what's the word for Jr./Sr./etc.?

Discussion in 'English Only' started by acullins, Sep 14, 2005.

  1. acullins New Member

    USA/English
    I'd like to find out the proper word for name suffixes like Jr., Sr., etc. Is it suffix? Or is there another word for it?
     
  2. daviesri Senior Member

    Houston, TX
    USA English
    Jr. - Junior
    Sr. - Senior
    It would be a suffix placed at the end or someones name.

    Father: Michael Smith Sr.
    Son: Michael Smith Jr.
     
  3. Brioche

    Brioche Senior Member

    Adelaide
    Australia English
    I don't know whether there is a special term for such little words,
    but they are not suffixes.

    A suffix, affix, infix or prefix becomes part of the word.

    The -ing in killing, or the -ed in killed are examples of suffixes.
     
  4. daviesri Senior Member

    Houston, TX
    USA English
    Everything I have found calls it either a Name Suffix, Suffix Name, Lineage Suffix or just Suffix.
     
  5. panjandrum

    panjandrum PongoMod

    Belfast, Ireland
    English-Ireland (top end)
    In data definitions:
    Person Name Prefix means Mr, Mrs Ms, Prof etc etc
    Person Name Suffix means Jr, Sr, OBE, BSc etc etc
     
  6. Aupick

    Aupick Senior Member

    Strasbourg, France
    UK, English
    That's what I thought, but then I looked in my Outlook address book. When you type in the name of a new contact, there's a drop-down list of these things and it's labelled 'Suffixes'. I hate to cede a linguistic point to Mr Gates, but I decided he might just be right this time.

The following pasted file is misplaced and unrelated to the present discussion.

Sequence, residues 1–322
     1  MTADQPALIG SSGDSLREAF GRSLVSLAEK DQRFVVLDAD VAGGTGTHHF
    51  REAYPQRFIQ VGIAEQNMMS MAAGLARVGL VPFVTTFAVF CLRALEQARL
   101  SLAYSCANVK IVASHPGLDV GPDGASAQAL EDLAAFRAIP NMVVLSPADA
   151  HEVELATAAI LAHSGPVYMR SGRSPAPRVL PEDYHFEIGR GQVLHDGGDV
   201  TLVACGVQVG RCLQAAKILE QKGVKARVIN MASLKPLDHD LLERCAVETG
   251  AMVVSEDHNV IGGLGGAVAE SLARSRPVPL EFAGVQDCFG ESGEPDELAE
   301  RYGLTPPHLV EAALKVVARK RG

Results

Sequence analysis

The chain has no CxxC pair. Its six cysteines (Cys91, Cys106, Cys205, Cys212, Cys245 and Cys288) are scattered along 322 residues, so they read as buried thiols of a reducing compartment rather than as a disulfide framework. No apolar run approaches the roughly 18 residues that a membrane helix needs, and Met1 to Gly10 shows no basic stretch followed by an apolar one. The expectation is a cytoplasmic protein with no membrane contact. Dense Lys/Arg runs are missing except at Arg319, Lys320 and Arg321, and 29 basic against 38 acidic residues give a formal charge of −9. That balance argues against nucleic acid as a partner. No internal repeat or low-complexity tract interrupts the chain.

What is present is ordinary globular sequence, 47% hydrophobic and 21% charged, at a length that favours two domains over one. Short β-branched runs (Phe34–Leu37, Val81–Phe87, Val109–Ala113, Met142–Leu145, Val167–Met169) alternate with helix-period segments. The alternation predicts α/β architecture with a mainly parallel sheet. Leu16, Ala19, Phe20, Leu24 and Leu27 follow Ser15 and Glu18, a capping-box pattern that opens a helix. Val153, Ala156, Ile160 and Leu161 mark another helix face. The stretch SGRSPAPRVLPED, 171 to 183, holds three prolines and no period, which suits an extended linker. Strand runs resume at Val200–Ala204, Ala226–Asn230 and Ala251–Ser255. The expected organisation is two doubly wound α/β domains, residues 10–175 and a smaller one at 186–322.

7. modgirl Senior Member

    USA English, French, Russian
    What makes you say that?
     
  8. Brioche

    Brioche Senior Member

    Adelaide
    Australia English

    Compact Oxford English Dictionary:
    suffix: an element added at the end of a word to form a derivative (e.g. -ation).

    American Heritage Dictionary:
    suffix: An affix added to the end of a word or stem, serving to form a new word or functioning as an inflectional ending, such as -ness in gentleness, -ing in walking, or -s
    in sits.


     
  9. Brioche

    Brioche Senior Member

    Adelaide
    Australia English
    Bill Gates has just pinched words and given them a new meaning in the jargon of computing.

    Think of what 'icon' meant 20 years ago.
     
  10. panjandrum

    panjandrum PongoMod

    Belfast, Ireland
    English-Ireland (top end)
    OED also supports Brioche.

    Despite that, my message format structures and dataset definitions will persist in using suffix for this purpose as well - and this is nothing to do with Mr Gates. IT has been bending the meaning of words since before Mr Gates was born:)
     
  11. daviesri Senior Member

    Houston, TX
    USA English
    I do not think that this is a Bill Gates thing. Just about any form you can find that ask for personal information will have a box or a space marked Suffix around the individuals name.
     

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